Intrinsic Value


Defining intrinsic value

In looking at intrinsic value, is that it values what can be taken out of the business. Investment guru John Burr Williams who defined value like this:

The value of any stock, bond or business today is determined by the cash inflows and outflows – discounted at an appropriate interest rate – that can be expected to occur during the remaining life of the asset. – The Theory of Investment Value.

Intrinsic Value Learning How to Invest and Value an Asset

  • In intrinsic value you value an asset based upon its intrinsic characteristics or properties
  • For cash flow generating assets, the intrinsic value is a function of the magnitude of the expected cash flows received on the asset over the lifetime and discounted for the uncertainty about receiving those cash flows.
  • Very Basic Intrinsic Value Calculation methods Like Benjamin Graham’s Intrinsic Value,or Benjamin Graham’s Number. These formulas are very simplistic but understanding them and the principals is a very good start.
  • Discounted cash flow valuation is one of many tools for estimating intrinsic value, where the expected value of the asset is the current cash flows wirten as present value and future cash flows discounted by the discounted rate to reflect risk

Metrics for value are only as good as their input like any mathematical formula BS IN BS OUT!

The fundamental determining elements of value

  • What are the cashflows from existing assets?
  • What is the value added by growth assets?
  • How risky are the cash flows?
  • What are the growth metrics? How quickly is the company growing? When will the firm become a mature firm and what are the road blocks? Discount for them.

Special cases for valuation

Valuing stable companies with consistent and clear accounting statements and long histories and many comparable businesses is easy.

  • Immature and Young Companies – Companies with non existant cash flows and difficult to project futures or businesses. It’s very difficult to value new businesses but it can be even more difficult when the business is doing business in a new arena and has very few or only very immature comps.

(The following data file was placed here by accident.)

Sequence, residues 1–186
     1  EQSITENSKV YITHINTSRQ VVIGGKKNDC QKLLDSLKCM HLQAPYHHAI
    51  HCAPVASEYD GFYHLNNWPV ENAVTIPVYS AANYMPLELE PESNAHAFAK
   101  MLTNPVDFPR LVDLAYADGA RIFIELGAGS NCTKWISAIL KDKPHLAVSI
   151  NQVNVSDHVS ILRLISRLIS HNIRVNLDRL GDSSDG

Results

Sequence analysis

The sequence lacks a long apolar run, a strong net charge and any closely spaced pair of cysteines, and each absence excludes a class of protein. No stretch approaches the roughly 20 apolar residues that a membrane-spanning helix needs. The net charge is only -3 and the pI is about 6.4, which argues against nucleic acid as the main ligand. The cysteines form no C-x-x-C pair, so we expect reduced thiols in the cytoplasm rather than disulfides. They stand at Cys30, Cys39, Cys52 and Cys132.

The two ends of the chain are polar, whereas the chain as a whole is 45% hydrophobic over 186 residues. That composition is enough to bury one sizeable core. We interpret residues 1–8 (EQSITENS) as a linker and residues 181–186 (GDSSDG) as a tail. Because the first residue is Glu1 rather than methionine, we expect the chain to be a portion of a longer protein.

• Companies that don’t fit accounting mold (Businesses that have collections of businesses of varying maturties). An example would be Netflix which has a very profitable Domestic business and a very immature International business. If you just net out the Domestic with the losses of the International then true value is hidden or Amazon which is also a collection of businesses of varying degrees.
  • Companies that face substantial risk (default, truncation)
    • Mature companies in transition
    • Declining and Distressed Firms
  • Sector risk
    • Financial Services Firms – Work backwards. Banks and Insurance companies can be identified via metrics such as Price to Book and Price to Earnings and then to try to “kill the investment”. The market is often right but your job is to find ones the market is discounting due to irrational fear.
    • Commodity and Cyclical Firms
    • Firms with Intangible Assets – Intellectual Property, Patents, Brand Names

Metrics for evaluation of a corporation

  • Return on Equity – Valuable metric for use in evaluating Financial Services and Insurance companies and more mature companies over longer periods of time
  • Retained Earnings – A companies ability to reuse retained earnings is an excellent metric for more mature businesses of its ability as a steward of capital. If a company can not efficiently use your money it should return it to you so you can do something else with it.
  • Owners Earnings – As an investor it’s great to think of an investment as if you owned the whole thing. What would be my Owner’s Earnings?

InvestCorrectly Learning How to Invest Series